How to Complain to Your Chinese Boy/Girlfriend

I've heard many motivations to keep improving learning Chinese from students. Here's a very impressive one: "I want to win the argument with my girl/boyfriends."

Well, to be honest, I have to say it's not easy to beat native speakers. However, setting such a "concrete and visible" goal can definitely help with keeping your focus on Chinese practice because as far as I know, students who have the pressure of doing a work presentation in Chinese, or getting an HSK certificate by a certain deadline, usually have the fastest progress. Back to our topic, to win an argument, sometimes you need to know how to render your emotion when you talk in Chinese. You need to show your partner your upset mood in the words that you say. But how? Well, we've learnt so much grammar and of course, you don't want only use them for the multiple choices, right? Grammar is a very important tool for expressing your emotion in Chinese especially some structures of rhetorical questions as well as some adverbs. Today, let's see how to complain in Chinese with HSK1-3 grammar! I'll explain one by one below:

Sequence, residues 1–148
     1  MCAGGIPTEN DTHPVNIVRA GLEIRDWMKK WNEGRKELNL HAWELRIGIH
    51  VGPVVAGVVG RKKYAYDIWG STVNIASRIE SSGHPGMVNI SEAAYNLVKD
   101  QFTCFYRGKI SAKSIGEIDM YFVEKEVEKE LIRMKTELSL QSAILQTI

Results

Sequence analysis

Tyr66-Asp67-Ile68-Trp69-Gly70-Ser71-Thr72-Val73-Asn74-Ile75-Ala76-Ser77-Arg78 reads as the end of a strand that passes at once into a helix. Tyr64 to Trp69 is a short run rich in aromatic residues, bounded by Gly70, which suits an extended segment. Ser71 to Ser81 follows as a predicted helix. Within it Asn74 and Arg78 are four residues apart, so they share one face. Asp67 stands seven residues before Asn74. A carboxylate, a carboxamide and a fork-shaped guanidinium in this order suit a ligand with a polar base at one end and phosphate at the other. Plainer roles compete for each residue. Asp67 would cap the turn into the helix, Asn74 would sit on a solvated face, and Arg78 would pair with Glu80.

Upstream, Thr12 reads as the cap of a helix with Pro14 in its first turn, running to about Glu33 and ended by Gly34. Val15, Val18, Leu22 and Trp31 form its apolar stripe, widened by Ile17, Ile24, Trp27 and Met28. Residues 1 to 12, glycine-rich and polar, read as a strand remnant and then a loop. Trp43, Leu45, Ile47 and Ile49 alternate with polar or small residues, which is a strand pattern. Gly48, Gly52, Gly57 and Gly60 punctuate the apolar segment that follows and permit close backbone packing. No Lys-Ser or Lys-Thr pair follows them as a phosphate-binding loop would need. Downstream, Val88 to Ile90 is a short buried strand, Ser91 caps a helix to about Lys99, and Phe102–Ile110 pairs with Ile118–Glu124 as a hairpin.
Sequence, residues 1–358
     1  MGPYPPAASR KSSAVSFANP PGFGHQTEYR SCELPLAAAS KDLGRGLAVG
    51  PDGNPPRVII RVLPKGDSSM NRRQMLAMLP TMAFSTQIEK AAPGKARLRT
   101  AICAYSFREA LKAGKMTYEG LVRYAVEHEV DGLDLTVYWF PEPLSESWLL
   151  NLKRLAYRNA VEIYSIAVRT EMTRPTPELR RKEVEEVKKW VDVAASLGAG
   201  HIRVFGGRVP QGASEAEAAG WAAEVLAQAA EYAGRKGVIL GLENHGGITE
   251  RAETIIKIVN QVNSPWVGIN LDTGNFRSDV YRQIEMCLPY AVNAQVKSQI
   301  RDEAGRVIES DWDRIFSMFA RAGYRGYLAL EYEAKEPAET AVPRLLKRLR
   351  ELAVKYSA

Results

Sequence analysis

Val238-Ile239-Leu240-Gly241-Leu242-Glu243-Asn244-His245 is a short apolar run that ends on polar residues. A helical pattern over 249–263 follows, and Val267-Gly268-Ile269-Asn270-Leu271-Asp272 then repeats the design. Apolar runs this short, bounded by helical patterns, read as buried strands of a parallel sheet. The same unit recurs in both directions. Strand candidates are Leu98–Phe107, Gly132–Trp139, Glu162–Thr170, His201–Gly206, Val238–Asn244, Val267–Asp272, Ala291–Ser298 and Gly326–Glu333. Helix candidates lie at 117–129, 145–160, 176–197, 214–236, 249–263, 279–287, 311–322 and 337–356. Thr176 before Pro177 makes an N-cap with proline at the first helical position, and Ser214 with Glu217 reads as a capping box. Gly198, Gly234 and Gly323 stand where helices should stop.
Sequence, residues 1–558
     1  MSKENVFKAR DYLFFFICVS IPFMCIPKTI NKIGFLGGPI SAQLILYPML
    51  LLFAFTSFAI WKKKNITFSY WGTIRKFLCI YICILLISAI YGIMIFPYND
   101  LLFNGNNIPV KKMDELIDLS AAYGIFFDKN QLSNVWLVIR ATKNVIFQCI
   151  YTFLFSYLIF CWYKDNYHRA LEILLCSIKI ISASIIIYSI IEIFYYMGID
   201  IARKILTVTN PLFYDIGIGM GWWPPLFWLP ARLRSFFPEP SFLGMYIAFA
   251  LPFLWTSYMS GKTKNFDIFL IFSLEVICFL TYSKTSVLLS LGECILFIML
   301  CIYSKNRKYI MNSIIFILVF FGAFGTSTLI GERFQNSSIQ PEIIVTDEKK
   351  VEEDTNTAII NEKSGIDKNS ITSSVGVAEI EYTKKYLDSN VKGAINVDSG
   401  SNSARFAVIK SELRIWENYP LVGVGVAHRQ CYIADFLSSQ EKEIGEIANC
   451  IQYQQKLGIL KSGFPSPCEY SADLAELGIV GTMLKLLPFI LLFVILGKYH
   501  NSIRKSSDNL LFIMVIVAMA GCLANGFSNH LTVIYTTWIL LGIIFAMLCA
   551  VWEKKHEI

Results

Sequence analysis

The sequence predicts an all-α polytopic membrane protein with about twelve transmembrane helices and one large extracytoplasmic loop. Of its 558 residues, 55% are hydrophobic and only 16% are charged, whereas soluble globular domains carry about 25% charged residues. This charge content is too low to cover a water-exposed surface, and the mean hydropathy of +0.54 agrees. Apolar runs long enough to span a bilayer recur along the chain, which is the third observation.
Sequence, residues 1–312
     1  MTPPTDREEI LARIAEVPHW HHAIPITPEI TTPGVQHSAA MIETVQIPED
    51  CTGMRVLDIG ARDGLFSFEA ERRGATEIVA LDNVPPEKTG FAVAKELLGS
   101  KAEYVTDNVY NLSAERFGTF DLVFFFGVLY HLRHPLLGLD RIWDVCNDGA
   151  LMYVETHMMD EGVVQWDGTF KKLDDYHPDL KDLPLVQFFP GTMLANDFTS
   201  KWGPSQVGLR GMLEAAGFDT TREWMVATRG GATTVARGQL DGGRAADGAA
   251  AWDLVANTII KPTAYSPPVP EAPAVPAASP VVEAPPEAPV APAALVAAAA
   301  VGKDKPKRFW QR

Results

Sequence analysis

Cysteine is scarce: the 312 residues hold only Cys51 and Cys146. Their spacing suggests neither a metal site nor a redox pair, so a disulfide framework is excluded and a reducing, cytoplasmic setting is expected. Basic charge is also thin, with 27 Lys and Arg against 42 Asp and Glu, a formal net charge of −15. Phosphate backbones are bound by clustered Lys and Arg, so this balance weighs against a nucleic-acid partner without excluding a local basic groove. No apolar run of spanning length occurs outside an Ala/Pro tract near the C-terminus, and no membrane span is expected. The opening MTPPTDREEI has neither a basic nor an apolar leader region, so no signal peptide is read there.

We've talked about "" could mean "how come" to convey a melodramatic tone.    vs. So, of course, it's a super useful tool for complaining when your partner didn't clean the room, get back home late or for whatever reasons. 
For instance:
N znme zhme wn hujiHow come you get back so late? ji li znme zhme lunHow come the house is so messy?  see the use of ""N znme ky zhyangHow come you're like this?
  nngma/ bshma
No matter what language you speak, the rhetorical question is the universal way to strengthen the tones when talking. When arguing in Chinese, you can try these two: N b du h rshugnmo nng ho maHow come you can get better from the cold if you don't drink more hot water?

N zujn bsh tng mng de maHi yu shjin t zqiAren't you busy recently? Still have time to play football?

We all know "" means "all". But "" also can be used to emphasize, meaning "already" in the structure above. Here are some examples: 8Du b din len znme hi mi doIt's already 8 o'clock. How come you're still not here? Du zhme chng shjin lenng b t le ma?It's already so long time. Can you not bring it up again?
"" is an HSK3 word meaning "always", which is widely applied in lots of complaints in Chinese. Sometimes you hear the "" of "" is omitted in native's speaking. e.g.: N bnng zng zhyangYou can't always be like this! N zngshi b b w shu de hu fng xn shangYou always don't keep what I said in mind

It is also worth mentioning that in spoken Chinese, "()" is a frequent alternative to "". For example: N lo sh zhyangShuhu b sunshYou're always like this! Always break your promises You got itHSK grammar is alive in your daily talking every day, isn't itPractice all the lines above to fling back a "nice" retort in your argument with your Chinese friends/partner next time!
That's all for today! See you next time!
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